Format

Send to:

Choose Destination
See comment in PubMed Commons below
Dev Psychol. 2012 Mar;48(2):543-51. doi: 10.1037/a0025888. Epub 2011 Oct 17.

Maternal scaffolding behavior: links with parenting style and maternal education.

Author information

  • 1Department of Psychology, University of Roehampton, London SW14 4JD, England. amanda.carr@roehampton.ac.uk

Abstract

The purpose of this study was to specify the relationship between positive and harsh parenting and maternal scaffolding behavior. A 2nd aim was to disentangle the effects of maternal education and parenting quality, and a 3rd aim was to test whether parenting quality mediated the association between maternal education and scaffolding practices. We examined associations between positive and harsh parenting practices and contingent and noncontingent tutoring strategies. Ninety-six mother-child dyads (49 boys, 47 girls) from working- and middle-class English families participated. Mothers reported on parenting quality at Time 1 when children were 5 years old and again approximately 5 years later at Time 2. Mother-child pairs were observed working together on a block design task at Time 2, and interactions were coded for contingent (contingent shifting) and noncontingent (fixed failure feedback) dimensions of maternal scaffolding behavior. Positive and harsh parenting accounted for variance in contingent behavior over and above maternal education, whereas only harsh parenting accounted for unique variance in noncontingent scaffolding practices. Our findings provide new evidence for a more differentiated model of the relation between general parenting quality and specific scaffolding behaviors.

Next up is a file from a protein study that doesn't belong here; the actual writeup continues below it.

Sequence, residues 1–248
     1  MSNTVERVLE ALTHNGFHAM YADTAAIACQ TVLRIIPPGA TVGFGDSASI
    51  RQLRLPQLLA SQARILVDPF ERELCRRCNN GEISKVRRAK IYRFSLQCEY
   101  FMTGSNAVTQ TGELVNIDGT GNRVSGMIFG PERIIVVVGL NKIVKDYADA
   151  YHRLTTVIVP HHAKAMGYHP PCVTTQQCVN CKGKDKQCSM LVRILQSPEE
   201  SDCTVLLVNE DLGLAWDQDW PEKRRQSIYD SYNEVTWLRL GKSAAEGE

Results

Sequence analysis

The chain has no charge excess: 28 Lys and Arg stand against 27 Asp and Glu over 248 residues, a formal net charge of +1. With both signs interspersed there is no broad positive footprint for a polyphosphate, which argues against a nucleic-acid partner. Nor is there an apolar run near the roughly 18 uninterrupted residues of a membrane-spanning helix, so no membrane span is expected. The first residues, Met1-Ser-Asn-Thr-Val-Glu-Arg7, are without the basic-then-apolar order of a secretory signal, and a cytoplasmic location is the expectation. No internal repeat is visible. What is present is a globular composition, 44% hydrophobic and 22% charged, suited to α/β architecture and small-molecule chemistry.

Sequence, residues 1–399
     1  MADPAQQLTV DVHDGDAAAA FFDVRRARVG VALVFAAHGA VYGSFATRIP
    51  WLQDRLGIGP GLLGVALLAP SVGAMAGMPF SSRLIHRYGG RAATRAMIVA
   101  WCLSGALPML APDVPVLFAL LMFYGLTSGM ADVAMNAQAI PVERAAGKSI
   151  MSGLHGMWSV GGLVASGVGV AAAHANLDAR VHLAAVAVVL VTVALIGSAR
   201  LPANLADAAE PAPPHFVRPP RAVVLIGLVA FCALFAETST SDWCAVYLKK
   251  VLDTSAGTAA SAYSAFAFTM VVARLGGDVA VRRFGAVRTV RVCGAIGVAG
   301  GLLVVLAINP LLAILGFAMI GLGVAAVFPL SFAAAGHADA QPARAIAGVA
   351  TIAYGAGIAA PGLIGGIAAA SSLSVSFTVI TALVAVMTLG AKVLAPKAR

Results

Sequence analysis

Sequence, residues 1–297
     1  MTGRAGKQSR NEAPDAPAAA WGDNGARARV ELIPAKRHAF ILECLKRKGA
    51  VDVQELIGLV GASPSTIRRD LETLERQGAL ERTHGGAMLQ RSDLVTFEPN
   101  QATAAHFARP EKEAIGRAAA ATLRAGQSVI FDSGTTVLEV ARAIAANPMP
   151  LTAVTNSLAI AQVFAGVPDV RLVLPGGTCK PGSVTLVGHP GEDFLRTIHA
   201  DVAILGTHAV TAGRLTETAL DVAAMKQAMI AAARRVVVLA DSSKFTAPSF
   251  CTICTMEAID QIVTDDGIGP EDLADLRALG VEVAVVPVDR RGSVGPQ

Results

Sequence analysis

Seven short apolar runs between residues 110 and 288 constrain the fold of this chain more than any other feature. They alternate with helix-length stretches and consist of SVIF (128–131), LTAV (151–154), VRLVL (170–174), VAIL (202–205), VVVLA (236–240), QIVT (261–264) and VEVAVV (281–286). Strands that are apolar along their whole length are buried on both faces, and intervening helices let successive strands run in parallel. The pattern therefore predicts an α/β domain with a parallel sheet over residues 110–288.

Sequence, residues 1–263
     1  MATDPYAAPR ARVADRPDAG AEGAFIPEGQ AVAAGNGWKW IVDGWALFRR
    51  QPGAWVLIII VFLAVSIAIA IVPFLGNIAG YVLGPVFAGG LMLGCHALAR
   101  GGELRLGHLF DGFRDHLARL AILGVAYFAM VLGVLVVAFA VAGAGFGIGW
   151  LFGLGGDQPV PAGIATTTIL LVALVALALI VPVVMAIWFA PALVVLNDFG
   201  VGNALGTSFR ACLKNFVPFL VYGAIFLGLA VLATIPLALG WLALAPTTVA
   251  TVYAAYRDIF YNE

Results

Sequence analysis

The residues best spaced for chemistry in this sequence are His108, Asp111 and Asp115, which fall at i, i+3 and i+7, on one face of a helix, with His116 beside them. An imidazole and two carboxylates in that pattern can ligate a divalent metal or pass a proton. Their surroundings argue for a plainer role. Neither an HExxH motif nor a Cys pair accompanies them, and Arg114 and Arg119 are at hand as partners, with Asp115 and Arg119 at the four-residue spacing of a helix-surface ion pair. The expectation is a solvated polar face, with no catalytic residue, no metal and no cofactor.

PsycINFO Database Record (c) 2012 APA, all rights reserved.

PMID:
22004338
[PubMed - indexed for MEDLINE]
PubMed Commons home

PubMed Commons

0 comments
How to join PubMed Commons

    Supplemental Content

    Full text links

    Icon for American Psychological Association
    Loading ...
    Write to the Help Desk